• [0024]
    Those of ordinary skill in the art will appreciate that the hardware in FIG. 2 may vary depending on the implementation. Other internal hardware or peripheral devices, such as flash read-only memory (ROM), equivalent nonvolatile memory, or optical disk drives and the like, may be used in addition to or in place of the hardware depicted in FIG. 2. Also, the processes of a preferred embodiment of the present invention may be applied to a multiprocessor data processing system.
  • [0025]
    For example, data processing system 200, if optionally configured as a network computer, may not include SCSI host bus adapter 212, hard disk drive 226, tape drive 228, and CD-ROM 230. In that case, the computer, to be properly called a client computer, includes some type of network communication interface, such as LAN adapter 210, modem 222, or the like. As another example, data processing system 200 may be a stand-alone system configured to be bootable without relying on some type of network communication interface, whether or not data processing system 200 comprises some type of network communication interface. As a further example, data processing system 200 may be a personal digital assistant (PDA), which is configured with ROM and/or flash ROM to provide non-volatile memory for storing operating system files and/or user-generated data.
  • [0026]
    The depicted example in FIG. 2 and above-described examples are not meant to imply architectural limitations. For example, data processing system 200 also may be a notebook computer or hand held computer in addition to taking the form of a PDA. Data processing system 200 also may be a kiosk or a Web appliance.
  • [0027]
    The processes of a preferred embodiment of the present invention are performed by processor 202 using computer implemented instructions, which may be located in a memory such as, for example, main memory 204, memory 224, or in one or more peripheral devices 226-230.
  • [0028]
    A preferred embodiment of the present invention provides a method, computer program product, and data processing system for compensating for fundamental frequency changes in a frame-based speech processing system. In a preferred embodiment of the present invention, a frame of a voiced speech signal is processed by an inverse linear-predictive filter to obtain a residual signal that is indicative of the fundamental tone emitted by the speaker's vocal cords. A transformation function is applied to the frame to limit the frame to an integer number of pitch cycles. This transformed frame is used in conjunction with vocal tract parameters obtained from the original speech signal frame to construct a pitch-adjusted speech signal that can more easily be understood by speech- or speaker-recognition software.
  • [0029]
    A preferred embodiment of the present invention makes use of linear-predictive coding (LPC) to obtain vocal tract parameters and a residual signal from an input voice signal. One of ordinary skill in the art will recognize, however, that any speech coding scheme that can be employed to divide a speech signal into vocal tract model parameters and a residual signal may be employed without departing from the scope and spirit of the present invention.
  • [0030]
    [0030]FIG. 3 is a block diagram that illustrates the principles behind the LPC speech-coding scheme. FIG. 3 is actually a block diagram of a speech synthesizer that uses the LPC method to produce voiced speech, but one of ordinary skill in the art will recognize that analysis of speech using an LPC-based scheme is the reverse of synthesis. It is hoped that by examining LPC-based synthesis, the reader will find LPC-based speech analysis to be easier to understand.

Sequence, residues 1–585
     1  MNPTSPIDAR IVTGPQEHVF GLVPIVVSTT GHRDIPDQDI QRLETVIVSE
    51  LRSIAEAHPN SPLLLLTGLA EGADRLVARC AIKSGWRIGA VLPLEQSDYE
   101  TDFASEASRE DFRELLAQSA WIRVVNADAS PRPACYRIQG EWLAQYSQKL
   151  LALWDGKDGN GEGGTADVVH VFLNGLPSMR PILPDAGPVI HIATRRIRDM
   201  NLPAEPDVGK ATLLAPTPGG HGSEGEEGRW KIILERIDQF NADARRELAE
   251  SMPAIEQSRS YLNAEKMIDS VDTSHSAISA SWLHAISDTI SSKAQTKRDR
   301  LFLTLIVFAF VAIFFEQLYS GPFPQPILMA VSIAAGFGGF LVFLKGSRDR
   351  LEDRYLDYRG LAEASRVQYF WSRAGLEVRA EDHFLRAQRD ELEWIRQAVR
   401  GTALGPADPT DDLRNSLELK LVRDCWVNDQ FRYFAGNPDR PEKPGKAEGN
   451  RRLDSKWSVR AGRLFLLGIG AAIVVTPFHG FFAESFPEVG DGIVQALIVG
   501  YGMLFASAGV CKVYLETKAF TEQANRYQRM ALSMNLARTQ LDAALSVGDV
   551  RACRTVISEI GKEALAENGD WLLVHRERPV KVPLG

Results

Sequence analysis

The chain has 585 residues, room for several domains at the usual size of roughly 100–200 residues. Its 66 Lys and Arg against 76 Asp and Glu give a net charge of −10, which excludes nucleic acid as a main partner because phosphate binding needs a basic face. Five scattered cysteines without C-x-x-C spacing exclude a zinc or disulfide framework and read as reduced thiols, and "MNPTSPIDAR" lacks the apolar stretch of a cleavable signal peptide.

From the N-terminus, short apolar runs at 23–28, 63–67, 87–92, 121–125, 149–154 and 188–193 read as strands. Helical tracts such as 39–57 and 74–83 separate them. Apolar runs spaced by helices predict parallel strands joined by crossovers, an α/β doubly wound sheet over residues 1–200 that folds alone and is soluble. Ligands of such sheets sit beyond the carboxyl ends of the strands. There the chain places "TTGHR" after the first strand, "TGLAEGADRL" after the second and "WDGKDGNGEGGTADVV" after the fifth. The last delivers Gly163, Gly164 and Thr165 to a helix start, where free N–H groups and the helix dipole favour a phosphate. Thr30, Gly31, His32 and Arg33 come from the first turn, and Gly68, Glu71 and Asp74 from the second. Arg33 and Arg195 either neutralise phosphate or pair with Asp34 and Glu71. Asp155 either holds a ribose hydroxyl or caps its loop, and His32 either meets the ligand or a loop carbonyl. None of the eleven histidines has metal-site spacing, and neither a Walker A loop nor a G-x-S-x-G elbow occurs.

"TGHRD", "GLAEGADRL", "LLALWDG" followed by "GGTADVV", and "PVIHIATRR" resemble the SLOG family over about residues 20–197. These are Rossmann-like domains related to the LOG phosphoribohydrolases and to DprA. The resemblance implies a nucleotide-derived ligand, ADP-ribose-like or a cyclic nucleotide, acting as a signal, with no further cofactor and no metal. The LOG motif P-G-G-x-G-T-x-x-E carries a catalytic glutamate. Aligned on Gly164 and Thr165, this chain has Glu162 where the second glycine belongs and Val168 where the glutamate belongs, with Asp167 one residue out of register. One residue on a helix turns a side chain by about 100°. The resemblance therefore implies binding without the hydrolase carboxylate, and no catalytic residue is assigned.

• [0031]
    A periodic impulse signal 300 models the behavior of vocal cords vibrating at a particular fundamental frequency. Multiplier 302 multiplies periodic impulse signal 300 by a gain factor 303 to amplify periodic impulse signal 300 to an audible level. This result is passed through a filter 304 to obtain a resulting speech signal 306.
  • [0032]
    Filter 304 is designed according to a z-domain transfer function that is the reciprocal of a polynomial A(z). One of ordinary skill in the art will recognize that the z-domain, which is the co-domain of the z-transform, is the discrete counterpart to the s-domain, which is the co-domain of the Laplace transform. According to generally accepted notation, the indeterminate of a polynomial in the z-domain is always written as “z.” Hence A(z) is of the form cn1zn1+ . . . +c0z0, where the Cn−i terms are constants. A more comprehensive description of the z-transform may be found in virtually every introductory digital signal processing textbook, so further description of the z-transform is not provided here.
  • [0033]
    Filter 304 models the resonances of the vocal tract of a human speaker. The coefficients of A(z) (LPC coefficients 305) are thus provided as input to filter 304 in order to create different voiced sounds. For example, the letter “a” as used in the English word “father,” would require a different set of coefficients than would the letter “e” as used in the English word “me.”
  • [0034]
    [0034]FIG. 3 thus illustrates that voiced speech, whether human or synthesized, is composed of two components, a periodic signal and a set of vocal tract parameters (e.g., LPC coefficients 305 in FIG. 3) for modifying the periodic signal to achieve vowel and voiced consonant sounds. Although FIG. 3 depicts LPC-based speech synthesis, LPC analysis and filtering to obtain a periodic signal and a set of LPC coefficients from a speech signal are also widely known in the field of speech processing, and “black box” hardware and software system components for performing LPC synthesis, analysis, and filtering are commercially available from a number of vendors. Further description of LPC as applied to the general subject of speech coding may be found in Andreas S. Spanias, “Speech Coding: A Tutorial Review,” Proceedings of the IEEE, vol. 82, no. 10, October 1994, which is incorporated herein by reference. One of ordinary skill will also recognize that LPC technology is used in mobile telephones as a form of speech compression.